a first non-contacting seal means for separating said enclosure from said cavity, thereby inhibiting a flow of liquid between said enclosure and said cavity;
a second non-contacting seal means for separating said cavity from the contained volume within the drive housing, thereby inhibiting a flow of fluid between said contained volume and said cavity; and
means connected to the discharge housing for injecting a fluid into the first non-contacting seal means between said discharge housing and said bowl and scroll assembly for cleaning said non-contacting seal means;
wherein there are no metal-to-metal contact areas within the interior of the bowl and scroll assembly, and the bowl hub comprises at least one drain line to allow lubrication oil to drain into said cavity and prevent ingress of lubrication oil into said bowl and scroll assembly.
10. The decanter centrifuge of claim 9 wherein said centrifuge includes a hollow outer rotary drive and an inner rotary drive concentrically rotating within and relative to the outer rotary drive, and said bowl and scroll assembly further comprises a bowl mounted within said housing and connected to the outer rotary drive to rotate about said axis of rotation, said bowl having an open end and a closed end and an inner surface; and a scroll member mounted within said bowl and connected to the inner rotary drive to rotate about said axis of rotation relative to said bowl, said scroll member having a tubular side wall having a front end and a rear end adjacent said open and closed ends, respectively, of said bowl, a helical screw flight extending outward from said tubular side wall and extending between said rear end and said front end of said scroll member, said screw flight having an edge moving in close proximity and relative to said inner surface of said bowl, whereby rotation of said edge of said screw flight of said scroll member sweeps a volume having a shape substantially corresponding to that of the interior of the bowl.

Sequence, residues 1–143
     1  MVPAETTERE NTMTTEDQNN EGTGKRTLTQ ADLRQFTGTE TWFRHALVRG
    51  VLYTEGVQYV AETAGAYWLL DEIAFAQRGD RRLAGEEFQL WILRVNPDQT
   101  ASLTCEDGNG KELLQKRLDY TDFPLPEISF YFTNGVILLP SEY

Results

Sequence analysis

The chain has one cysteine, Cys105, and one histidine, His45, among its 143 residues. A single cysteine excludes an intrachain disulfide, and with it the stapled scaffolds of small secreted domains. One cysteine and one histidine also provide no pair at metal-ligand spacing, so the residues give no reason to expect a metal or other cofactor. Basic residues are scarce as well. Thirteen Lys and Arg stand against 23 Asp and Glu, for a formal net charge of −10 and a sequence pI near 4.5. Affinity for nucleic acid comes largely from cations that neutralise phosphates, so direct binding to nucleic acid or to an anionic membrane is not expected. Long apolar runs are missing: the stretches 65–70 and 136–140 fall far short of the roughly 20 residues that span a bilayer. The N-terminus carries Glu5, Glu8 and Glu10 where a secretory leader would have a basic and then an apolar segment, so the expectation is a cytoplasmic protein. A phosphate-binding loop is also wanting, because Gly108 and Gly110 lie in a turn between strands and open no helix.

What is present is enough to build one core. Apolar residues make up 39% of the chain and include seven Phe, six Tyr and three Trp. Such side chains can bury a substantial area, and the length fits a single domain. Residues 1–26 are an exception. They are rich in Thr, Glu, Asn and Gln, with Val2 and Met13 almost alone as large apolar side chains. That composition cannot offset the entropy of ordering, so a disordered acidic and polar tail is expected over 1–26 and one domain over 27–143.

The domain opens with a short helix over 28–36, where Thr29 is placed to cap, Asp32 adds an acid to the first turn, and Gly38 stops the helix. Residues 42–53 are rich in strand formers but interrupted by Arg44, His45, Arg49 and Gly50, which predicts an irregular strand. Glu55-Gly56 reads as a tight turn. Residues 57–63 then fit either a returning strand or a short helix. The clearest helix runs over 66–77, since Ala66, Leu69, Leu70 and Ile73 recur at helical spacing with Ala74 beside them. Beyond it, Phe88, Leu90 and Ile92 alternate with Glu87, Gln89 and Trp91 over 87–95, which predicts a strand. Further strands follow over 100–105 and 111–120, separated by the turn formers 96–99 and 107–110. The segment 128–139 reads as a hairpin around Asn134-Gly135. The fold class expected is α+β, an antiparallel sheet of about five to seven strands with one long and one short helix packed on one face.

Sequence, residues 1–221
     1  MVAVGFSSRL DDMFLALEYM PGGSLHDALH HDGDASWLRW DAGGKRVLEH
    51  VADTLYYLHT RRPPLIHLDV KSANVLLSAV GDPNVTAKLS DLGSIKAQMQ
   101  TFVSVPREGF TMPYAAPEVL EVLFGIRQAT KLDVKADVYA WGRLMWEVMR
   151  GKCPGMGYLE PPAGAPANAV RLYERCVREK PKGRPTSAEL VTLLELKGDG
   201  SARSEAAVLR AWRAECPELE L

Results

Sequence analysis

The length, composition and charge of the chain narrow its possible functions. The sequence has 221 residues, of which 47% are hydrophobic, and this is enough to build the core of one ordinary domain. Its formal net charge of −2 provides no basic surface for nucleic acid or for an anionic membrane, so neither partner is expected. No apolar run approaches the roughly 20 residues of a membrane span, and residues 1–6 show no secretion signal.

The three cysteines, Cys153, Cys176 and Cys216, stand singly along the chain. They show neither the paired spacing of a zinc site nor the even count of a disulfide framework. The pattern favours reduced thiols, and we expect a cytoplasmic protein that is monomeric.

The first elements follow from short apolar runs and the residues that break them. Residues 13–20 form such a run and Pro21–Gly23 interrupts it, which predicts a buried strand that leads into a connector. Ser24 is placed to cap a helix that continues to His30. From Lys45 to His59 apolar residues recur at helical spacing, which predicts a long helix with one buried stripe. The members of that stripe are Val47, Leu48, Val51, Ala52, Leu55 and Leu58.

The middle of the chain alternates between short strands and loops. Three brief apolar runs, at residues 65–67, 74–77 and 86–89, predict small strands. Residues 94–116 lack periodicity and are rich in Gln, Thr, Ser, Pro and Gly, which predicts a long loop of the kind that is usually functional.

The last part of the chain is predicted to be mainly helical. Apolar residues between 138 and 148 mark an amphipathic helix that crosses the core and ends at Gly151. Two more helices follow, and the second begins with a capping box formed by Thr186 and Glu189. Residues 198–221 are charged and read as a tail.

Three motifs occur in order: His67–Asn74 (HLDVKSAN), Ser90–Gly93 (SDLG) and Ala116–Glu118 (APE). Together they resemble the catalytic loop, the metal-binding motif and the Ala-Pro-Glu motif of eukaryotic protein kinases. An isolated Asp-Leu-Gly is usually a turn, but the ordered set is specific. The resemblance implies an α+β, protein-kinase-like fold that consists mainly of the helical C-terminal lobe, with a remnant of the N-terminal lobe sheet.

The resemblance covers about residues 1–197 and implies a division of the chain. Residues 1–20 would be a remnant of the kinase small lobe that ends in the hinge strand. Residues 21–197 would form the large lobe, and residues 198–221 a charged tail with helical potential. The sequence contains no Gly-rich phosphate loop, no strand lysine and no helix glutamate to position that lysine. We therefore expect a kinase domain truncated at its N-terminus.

11. The decanter centrifuge of claim 10 wherein said bowl has a centrally located integral hub connected to the outer rotary drive and said scroll member has a centrally located hub connected to said inner drive.
12. The decanter centrifuge of claim 11 wherein said first non-contacting seal means comprises a machined lip extension from the integral hub of the bowl and a machined tip of said peripheral wall.
13. The decanter centrifuge of claim 12 wherein said hub of said scroll member has a annular recess concentrically located about said axis of rotation and said hub of said bowl has a annular flange concentrically located about said axis of rotation extending into said annular recess of said scroll member and said contacting sealing means is located between said annular flange and said annular recess.
14. The decanter centrifuge of claim 13 wherein the outer wall of the bowl and scroll assembly comprises a plurality of drain ports located in the rear wall section of the bowl to allow essentially all liquid to drain from the bowl and scroll assembly.
15. The decanter centrifuge of claim 14 wherein the discharge housing further comprises an enclosure bound by the interior surface of the exterior wall of the discharge housing, partitions within the discharge housing, and the outer wall of the rotating bowl, said partitions being separated from the outer wall of the rotating bowl by non-contacting seals whereby fine solid material that migrates into said enclosure is removable from the discharge housing by liquid sprayed from one or more fluid injectors inserted into said enclosure.
16. A decanter centrifuge for processing a combined liquid and solid material to separate the liquid from the solid material, the centrifuge comprising:
a drive housing having an exterior wall and an interior surface bounding a contained volume within the housing and means to drive the centrifuge, said exterior wall including an end wall;